Dr Hilary Jones compares coronavirus vaccine to flu vaccine
Two drugs already used to treat arthritis patients – tocilizumab and sarilumab – will be rolled out to substantially cut the Covid death rate. ITV’s Dr Hilary Jones told Good Morning Britain how the two arthritis drugs could help save the lives of seriously ill patients. However, he warned that the drugs were “not treating the virus itself but they are simply keeping people alive”.
Dr Hilary Jones told viewers: “These two medications that are being used already for patients with arthritis, where you have unwanted inflammation, have been shown to be helpful in people seriously ill with Covid.
“These are people in intensive care, who are already on oxygen and steroid therapy.
“In those patients, if you treat 12 of them with these drugs – tocilizumab or sarilumab – you save one life.
“That is a really good rate. Compare that to statins, where you have to treat 100 people to save just two lives, so this is a really good ratio.”
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However, he added a warning note to UK viewers: “It’s worth saying that those people in intensive care, already seriously ill, and would have these medications now offered to them, the death rate is still 28 percent.
“While it is very good news, it has to be tempered with reality, it is still a very serious condition.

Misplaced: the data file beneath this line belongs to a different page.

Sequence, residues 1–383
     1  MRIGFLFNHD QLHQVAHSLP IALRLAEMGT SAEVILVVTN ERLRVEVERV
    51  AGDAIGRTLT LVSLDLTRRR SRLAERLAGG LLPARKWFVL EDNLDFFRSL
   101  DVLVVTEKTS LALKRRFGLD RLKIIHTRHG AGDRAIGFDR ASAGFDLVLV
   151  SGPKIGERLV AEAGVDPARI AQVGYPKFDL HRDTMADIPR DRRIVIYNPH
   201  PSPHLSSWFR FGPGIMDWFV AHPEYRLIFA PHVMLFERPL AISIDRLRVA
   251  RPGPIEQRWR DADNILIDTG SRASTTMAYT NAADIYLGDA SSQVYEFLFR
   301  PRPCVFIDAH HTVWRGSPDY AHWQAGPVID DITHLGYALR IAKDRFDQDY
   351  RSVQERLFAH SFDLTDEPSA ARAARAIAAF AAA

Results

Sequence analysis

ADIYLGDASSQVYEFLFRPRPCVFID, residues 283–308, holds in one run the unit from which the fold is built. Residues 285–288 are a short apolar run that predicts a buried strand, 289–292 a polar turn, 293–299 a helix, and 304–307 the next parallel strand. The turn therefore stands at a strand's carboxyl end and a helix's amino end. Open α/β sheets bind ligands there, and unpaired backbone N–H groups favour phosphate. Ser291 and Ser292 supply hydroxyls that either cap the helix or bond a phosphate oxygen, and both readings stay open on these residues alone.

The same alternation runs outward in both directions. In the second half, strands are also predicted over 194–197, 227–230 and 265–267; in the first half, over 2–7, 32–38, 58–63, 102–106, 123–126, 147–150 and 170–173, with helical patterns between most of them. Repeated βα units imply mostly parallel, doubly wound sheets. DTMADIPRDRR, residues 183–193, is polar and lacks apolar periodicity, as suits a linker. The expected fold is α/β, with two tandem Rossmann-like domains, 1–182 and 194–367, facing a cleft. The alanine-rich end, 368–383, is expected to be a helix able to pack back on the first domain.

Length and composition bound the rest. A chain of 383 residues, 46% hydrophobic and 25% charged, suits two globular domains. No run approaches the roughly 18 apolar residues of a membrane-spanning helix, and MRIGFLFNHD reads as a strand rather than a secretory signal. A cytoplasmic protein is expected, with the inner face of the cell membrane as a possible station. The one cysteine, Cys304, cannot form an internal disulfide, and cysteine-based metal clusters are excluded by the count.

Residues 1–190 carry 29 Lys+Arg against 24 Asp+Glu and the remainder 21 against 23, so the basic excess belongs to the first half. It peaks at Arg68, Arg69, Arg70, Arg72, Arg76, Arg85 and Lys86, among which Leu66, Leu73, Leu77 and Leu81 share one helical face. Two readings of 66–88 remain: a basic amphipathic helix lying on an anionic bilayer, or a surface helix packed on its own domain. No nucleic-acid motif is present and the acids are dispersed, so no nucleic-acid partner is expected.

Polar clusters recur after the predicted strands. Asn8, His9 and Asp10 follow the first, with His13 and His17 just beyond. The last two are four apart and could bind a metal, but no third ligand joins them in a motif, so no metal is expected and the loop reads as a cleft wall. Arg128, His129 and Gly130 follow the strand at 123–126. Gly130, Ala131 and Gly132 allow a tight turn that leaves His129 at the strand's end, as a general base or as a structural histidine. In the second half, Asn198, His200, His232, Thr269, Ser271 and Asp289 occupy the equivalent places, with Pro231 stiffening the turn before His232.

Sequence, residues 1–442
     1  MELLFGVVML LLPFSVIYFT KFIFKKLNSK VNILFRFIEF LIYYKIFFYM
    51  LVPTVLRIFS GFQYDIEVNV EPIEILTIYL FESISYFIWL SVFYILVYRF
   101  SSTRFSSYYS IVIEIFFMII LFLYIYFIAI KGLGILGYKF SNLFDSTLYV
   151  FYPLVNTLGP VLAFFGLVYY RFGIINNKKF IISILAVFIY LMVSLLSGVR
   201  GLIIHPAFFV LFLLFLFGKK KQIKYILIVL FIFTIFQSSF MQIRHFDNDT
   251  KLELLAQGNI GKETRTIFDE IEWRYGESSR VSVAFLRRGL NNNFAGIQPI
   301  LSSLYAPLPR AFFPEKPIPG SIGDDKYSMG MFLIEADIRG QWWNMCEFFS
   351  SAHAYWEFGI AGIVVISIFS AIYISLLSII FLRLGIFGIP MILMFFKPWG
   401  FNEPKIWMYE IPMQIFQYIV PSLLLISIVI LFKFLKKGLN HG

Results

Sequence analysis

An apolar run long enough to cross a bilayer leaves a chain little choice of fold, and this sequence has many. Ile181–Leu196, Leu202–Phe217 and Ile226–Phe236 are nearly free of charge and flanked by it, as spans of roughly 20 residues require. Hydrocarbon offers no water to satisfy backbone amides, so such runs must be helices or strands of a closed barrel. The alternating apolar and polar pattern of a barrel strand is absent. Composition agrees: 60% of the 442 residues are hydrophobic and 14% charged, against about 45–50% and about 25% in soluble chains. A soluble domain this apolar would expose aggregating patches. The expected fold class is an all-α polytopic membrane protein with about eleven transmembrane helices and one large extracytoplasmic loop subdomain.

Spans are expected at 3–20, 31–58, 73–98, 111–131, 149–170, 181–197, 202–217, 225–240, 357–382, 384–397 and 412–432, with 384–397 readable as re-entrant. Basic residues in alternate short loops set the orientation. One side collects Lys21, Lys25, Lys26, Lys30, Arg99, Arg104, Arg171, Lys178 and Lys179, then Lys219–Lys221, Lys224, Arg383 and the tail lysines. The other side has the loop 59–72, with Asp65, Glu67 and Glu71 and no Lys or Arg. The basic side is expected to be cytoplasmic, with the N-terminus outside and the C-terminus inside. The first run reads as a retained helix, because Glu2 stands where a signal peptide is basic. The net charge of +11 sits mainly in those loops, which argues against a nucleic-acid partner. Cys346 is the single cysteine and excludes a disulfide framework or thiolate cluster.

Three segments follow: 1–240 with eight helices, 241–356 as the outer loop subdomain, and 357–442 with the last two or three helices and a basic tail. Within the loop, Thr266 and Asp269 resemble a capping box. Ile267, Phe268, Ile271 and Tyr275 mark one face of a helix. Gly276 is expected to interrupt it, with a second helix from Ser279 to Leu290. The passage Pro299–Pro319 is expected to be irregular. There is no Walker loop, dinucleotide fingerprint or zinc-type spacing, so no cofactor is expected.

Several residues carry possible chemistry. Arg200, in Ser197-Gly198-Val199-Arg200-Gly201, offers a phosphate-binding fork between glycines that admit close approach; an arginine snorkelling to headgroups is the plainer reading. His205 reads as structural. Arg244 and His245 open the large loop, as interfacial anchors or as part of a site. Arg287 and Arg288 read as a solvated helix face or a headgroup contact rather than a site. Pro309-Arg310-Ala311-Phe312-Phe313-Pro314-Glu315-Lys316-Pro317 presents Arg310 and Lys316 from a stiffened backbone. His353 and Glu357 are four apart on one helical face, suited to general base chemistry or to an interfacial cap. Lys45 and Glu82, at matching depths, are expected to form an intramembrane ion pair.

“These medications are not treating the virus itself, they are simply keeping people alive, so that means we have more people in hospital.”
Hailing the inclusion of the drugs in the war on Covid, Boris Johnson said yesterday: “These life-saving drugs will be available for the NHS with immediate effect, potentially saving thousands of lives.”
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This comes as the Prime Minister admitted that coronavirus vaccine rollout is a national challenge requiring an unprecedented effort and the armed forces.
He confirmed that almost 1.5 million people in the UK have now received at least one dose of a Covid vaccine.
Mr Johnson added that more than 1,000 GP-led sites in England will be able to offer a total of “hundreds of thousands” of jabs each day by next Friday.
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Speaking at a Downing Street news conference, Mr Johnson said there would likely be “lumpiness and bumpiness” in the rollout of vaccines.
He said: “Let’s be clear, this is a national challenge on a scale like nothing we’ve seen before and it will require an unprecedented national effort.
“Of course, there will be difficulties, appointments will be changed but the Army is working hand in glove with the NHS and local councils to set up our vaccine network and using battle preparation techniques to help us keep up the pace.”
A further 1,162 deaths within 28 days of a positive test were reported on Thursday, with 52,618 new cases.
Simon Stevens, head of the NHS in England, warned 10,000 patients with Covid had been admitted to hospital since Christmas Day.
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